3 min G' .0 vs.0. BMC Biotechnology (2015) 15:29 Page 4 of 12 3500 12 Calcium 3000 Storage and loss modulus (G''.2 +/. The self-gel of 257 kDa to 70 kDa and used in the gel formulation. The total alginate salt concentration was 2.2 min 1000 0 0 10 20 30 40 50 60 Time after mixing (min) Figure 2 Oscillatory rheological studies of two different sodium alginates.0.0 +/.4 +/. 2.0. Calculated maximum elasticity (A) and half time (t1/2) for the gels are shown. 1.0.Larsen et al. centration on the gel formation.1 kPa 10 t=1.0. (3. Storage (G’) and loss (G”) moduli.7 with MW = 219 kDa.0% (w/w) i.e. the properties of the resulting gels were concentration in the formulation from 1.0.45 % guluronate 3000 A=2.70 % guluronate 4000 G' . formulations were gelled with the same solution of so- The data shown in Figure 3 demonstrate both a higher dium alginate (Figure 4).95 +/. An alginate batch with The effect of different particle size distributions was a high content of guluronic acid was degraded by auto.70 % guluronate 6 500 δ .1 +/.0.44 with MW = 222 kDa) gelled using calcium (upper) and strontium (lower) alginate particles.70 % guluronate 200 100 4 0 8000 Strontium A=8.1%.1 min 70 % Guluronate: 2000 A=3. whereas larger .03 kPa 2000 t1/2= 2. All data points are shown as the mean with standard error of at least three independent runs and curves were fitted to the data by eq.0. G') [Pa] 45 % Guluronate: 2500 A=3. 2. quite different: Smaller particles led to a higher rate of gel- sulted in an approximately two-fold increase in the storage ation and a lower final storage modulus.0% from each of the two components (upper panel). The studies were conducted on two different alginates (Fg = 0.0% to 2.1% from strontium alginate (lower panel).0% from sodium alginate and 1. Although the concentrations of gelling rate for the light alginate and that the gel stabilized both alginate components in the formulations tested were at lower elasticity values. as well as phase angle (tan (G”/G’)) as a function of time after mixing are shown for gels made of sodium alginate containing ~45% and 70% guluronic acid mixed with calcium alginate.1 min Storage modulus (G') [Pa] 6000 5000 G' . studied by subjecting the same calcium alginate batch to claving the alginate solution [39] from a molecular weight milling and sifting using a range of sieves. consisting of 1.70 % guluronate 8 1500 G' .2 kPa 7000 t1/2= 5. Fg = 0.3 +/.6 minutes). 1.0% re.6 +/.3 kPa Phase angle (δ) (°) t=2.45 % guluronate 1000 G'' . but did not significantly change the gelling rate the influence of the molecular weight and alginate con.1 +/. A further experiment was performed in order to study modulus. Increasing the soluble alginate always equal.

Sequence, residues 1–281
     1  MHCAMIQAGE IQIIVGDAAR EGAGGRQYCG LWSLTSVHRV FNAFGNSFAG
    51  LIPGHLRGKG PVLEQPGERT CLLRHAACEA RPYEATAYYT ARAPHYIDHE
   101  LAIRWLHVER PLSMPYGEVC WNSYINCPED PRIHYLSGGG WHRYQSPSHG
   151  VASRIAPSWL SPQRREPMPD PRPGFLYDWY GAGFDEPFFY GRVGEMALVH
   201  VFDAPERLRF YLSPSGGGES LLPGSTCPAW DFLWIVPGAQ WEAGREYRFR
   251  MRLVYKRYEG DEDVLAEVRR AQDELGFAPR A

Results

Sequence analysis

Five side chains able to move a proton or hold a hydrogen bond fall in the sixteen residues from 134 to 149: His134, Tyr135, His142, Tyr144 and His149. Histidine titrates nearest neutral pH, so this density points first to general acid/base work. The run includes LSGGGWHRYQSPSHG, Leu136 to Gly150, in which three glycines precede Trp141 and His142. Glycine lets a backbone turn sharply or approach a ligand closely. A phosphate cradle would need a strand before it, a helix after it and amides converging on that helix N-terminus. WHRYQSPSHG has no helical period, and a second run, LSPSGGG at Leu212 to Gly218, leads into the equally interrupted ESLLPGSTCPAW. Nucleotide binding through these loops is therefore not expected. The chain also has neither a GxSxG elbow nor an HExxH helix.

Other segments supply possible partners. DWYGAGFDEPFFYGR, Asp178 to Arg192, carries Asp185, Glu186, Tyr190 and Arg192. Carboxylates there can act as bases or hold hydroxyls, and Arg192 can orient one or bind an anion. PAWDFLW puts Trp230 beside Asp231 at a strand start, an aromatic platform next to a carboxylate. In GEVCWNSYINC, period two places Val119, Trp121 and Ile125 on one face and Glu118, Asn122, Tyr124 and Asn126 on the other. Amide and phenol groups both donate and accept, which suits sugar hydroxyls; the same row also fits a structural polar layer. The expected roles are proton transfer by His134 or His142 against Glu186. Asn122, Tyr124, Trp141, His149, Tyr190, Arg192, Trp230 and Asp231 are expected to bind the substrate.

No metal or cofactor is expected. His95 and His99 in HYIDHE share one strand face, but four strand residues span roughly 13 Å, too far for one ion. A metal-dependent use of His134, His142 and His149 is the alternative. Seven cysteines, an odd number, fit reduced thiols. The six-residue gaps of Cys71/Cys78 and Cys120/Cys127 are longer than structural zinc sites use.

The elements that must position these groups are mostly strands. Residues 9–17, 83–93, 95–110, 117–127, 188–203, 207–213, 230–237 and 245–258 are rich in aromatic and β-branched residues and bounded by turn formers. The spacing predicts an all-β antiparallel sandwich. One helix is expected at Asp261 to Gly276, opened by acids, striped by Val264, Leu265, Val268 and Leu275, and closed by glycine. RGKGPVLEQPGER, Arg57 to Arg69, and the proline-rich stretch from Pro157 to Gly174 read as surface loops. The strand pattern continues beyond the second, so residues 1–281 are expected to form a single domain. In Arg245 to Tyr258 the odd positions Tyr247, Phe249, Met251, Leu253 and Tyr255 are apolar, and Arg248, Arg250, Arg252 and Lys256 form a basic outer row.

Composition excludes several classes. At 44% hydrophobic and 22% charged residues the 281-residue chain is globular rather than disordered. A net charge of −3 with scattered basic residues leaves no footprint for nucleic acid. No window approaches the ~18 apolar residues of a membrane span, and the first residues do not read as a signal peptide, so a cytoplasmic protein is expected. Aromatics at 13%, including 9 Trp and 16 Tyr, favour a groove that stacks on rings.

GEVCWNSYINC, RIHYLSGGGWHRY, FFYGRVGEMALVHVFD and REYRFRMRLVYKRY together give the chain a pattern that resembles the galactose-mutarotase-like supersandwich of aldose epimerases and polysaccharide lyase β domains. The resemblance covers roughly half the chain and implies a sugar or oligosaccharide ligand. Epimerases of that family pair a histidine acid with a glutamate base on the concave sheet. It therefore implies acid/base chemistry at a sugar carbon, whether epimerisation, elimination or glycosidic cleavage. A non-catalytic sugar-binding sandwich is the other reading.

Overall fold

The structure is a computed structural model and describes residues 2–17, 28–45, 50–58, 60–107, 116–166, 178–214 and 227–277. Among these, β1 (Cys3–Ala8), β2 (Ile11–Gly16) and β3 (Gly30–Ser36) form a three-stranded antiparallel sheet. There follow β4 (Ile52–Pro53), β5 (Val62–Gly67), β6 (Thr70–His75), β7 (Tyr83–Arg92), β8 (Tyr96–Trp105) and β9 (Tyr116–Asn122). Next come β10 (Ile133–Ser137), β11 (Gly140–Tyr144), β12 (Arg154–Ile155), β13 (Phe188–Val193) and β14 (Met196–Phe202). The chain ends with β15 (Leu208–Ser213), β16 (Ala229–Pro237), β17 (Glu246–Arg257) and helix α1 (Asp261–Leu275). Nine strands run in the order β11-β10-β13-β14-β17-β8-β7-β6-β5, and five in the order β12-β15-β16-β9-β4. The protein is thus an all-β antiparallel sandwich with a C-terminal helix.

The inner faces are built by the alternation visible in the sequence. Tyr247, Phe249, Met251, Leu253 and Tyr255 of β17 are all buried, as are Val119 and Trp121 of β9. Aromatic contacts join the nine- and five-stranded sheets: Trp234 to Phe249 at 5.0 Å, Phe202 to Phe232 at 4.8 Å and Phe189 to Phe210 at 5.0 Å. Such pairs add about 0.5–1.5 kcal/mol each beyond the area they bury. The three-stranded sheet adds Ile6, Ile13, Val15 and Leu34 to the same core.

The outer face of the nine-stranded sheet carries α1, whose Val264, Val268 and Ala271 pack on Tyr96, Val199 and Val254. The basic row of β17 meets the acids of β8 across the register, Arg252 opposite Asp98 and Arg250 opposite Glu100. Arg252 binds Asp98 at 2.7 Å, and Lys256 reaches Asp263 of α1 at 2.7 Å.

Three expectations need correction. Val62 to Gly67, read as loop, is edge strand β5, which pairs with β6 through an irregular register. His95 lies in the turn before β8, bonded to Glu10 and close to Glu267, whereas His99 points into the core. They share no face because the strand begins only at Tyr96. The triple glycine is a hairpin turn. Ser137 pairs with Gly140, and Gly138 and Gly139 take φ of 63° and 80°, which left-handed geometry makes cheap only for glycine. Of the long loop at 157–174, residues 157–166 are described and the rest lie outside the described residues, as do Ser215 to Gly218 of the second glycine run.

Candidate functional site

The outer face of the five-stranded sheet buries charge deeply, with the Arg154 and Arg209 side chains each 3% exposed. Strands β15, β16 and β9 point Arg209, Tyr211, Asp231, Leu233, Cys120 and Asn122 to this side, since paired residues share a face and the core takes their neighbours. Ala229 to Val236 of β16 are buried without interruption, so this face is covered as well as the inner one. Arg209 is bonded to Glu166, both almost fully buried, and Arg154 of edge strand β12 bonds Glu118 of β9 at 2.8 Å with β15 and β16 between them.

because of the high gelling rate. 1.15 +/. ~70% guluronate.4 59. Ultimate stress was calculated as the upper inflection point of the stress–strain curve. independently of the alginate concentration.1 kPa Increasing the fraction of sodium alginate above this level 5000 t1/2= 2. particle size resulted in lower gelling rates and higher gel gelling ion-alginate dispersion was also further explored elasticity. For these 3000 observations.0. The gelling rate increased strongly in alginate salt concentration was 2. 2 and 3. respectively). consisting of 1. formed where the relative content of the components some mechanical degradation of the gel probably occurred were varied while keeping the total alginate concentration while the two components were still being displaced constant at 2. All data points are shown as the mean constant.0. Gels of similar composition (containing ~45% and ~70% guluronate in the sodium alginate component) but treated differently.u) 0.5 ml 2% sodium alginate solution with a guluronate content of ~45% or ~70% and 1. ~45% guluronate.04 0. show a statistically significant difference at the p < 0. maximal stress was statistically different from the others at p < 0.61% w/w NaCl for 2 hrs. BMC Biotechnology (2015) 15:29 Page 5 of 12 Table 2 Compression tests on gels with different guluronate content with or without treatment with additional calcium ~45% guluronate.0%.double also resulted in a lower final storage modulus. For untreated gels. There was no such difference for treated gels (p = 0. rather than an abrupt break.0.5 hrs and subsequently incubated in 0. In Figure 6. with the number of parallels given in the first row. the inflection point. and the half time and storage modulus of the sodium alginate solution and final gel elasticity were plotted against the fraction of sodium alginate in the formulations. but was in concentration this case followed by a reduction in the gel formation rate. Calculated maximum gel strength (A) and half time due to rapid gelling before the gel/solution was placed (t1/2) for the gel setting are shown.92 ± 0. Gels were either left in the mold for approx. The curves were ob- 12000 tained both for calcium and strontium alginate particles of A=10. similarly to the formulations . The reduced gel elasticity observed at 0.5 ml of 2% calcium alginate dispersion.001 level (based on corrected readings). Young’s modulus was calculated as the initial linear slope of the resultant stress–strain plot.15.0.39 ± 0.3 min shorter when using strontium alginate as the gelling ion Storage Modulus (Pa) 8000 donor.0% from sodium alginate and 1.3 +/. The total chloride is shown.7) on formulations with different concentrations of sodium with different MW were combined with strontium alginate.9 +/.3 kPa the same sizes (45–75 μm). maximum gel elasti- 7000 city values were obtained when the soluble alginate frac- 6000 tion was kept at about 30% of the total alginate content. was the top of a plateau. Engineering stress (σeng) and strain (εeng) values were converted to corrected stress (σc) and Hencky’s strain (εh) according to eqs. the strain at maximal stress was statistically different at the p < 10−7 level for both corrected and uncorrected measurements.4 min as gelling rate seemed to follow a similar pattern for both 10000 types of particles although the final storage modulus was 9000 several times higher and gelation half time generally A=8. In the case of Ca2+-treated gels.02 kPa t1/2= 5. from each formulation (not shown) were fitted by non- The relative contribution to gelation half time and final linear regression as described above.0% (total 0.01 1. however. the gelling rate seemed to remain MW=257 kDa constant.4 ± 0.1%. under the rheometer probe. For each formulation and treatment. Guluronate-rich sodium alginates (Fg = 0. For the smallest particle sizes (less than 25 μm) (Figure 5): A series of oscillation experiments were per- it should be noted that. At the concentrations tested.2 9.005.8 85 ± 4 Hencky strain at maximal stress (εh.6 +/. no treatment no treatment Ca-treated Ca-treated Number of tests (n) 6 8 4 6 Young’s modulus (E.0 ± 0. For concentrations up to where the sodium alginate concentration was increased to 2.1% from strontium alginate except for the upper curve the presence of sodium ions.3 min resulted in reduced gel elasticity. There is no statistically significant difference between the Young’s moduli of gels having received the same treatment.37 and p = 0. All shear stress-time curves obtained between the syringes. obviously as a result of a 4000 reduction in the gelling ion concentration.0 +/. 0 0 10 20 30 40 50 60 The gelling process was found to be strongly influ- Time after mixing (min) enced by the presence of non-gelling ions.62 ± 0. kPa) 6. kPa) 20 ± 3 21 ± 1 90 ± 10 120 ± 10 Maximal stress (σc.0.0.5% NaCl the final gel elasticity was found to be relatively alginate concentration was 3.09 Compression tests were performed on gels made from 1. 3 hrs or left in the mold for 1.8 ± 0. a Figure 3 Storage modulus and kinetics of alginate gels as a function of series of oscillatory shear stress measurements performed time and molecular weight.1%).Larsen et al.u.9% NaCl with standard error of three independent runs and curves were fitted to was likely due to the fact that the gel was partly disrupted the data by eq. A=5. ~70% guluronate.55% w/w CaCl2 and 0.08 ± 0.01 0. 2000 MW=70 kDa Decreasing the sodium alginate concentration below 30% 1000 MW=70 kDa .0 +/. All values are given as mean ± standard error. The final gel elasticity as well 11000 t1/2= 3.01 and p < 0.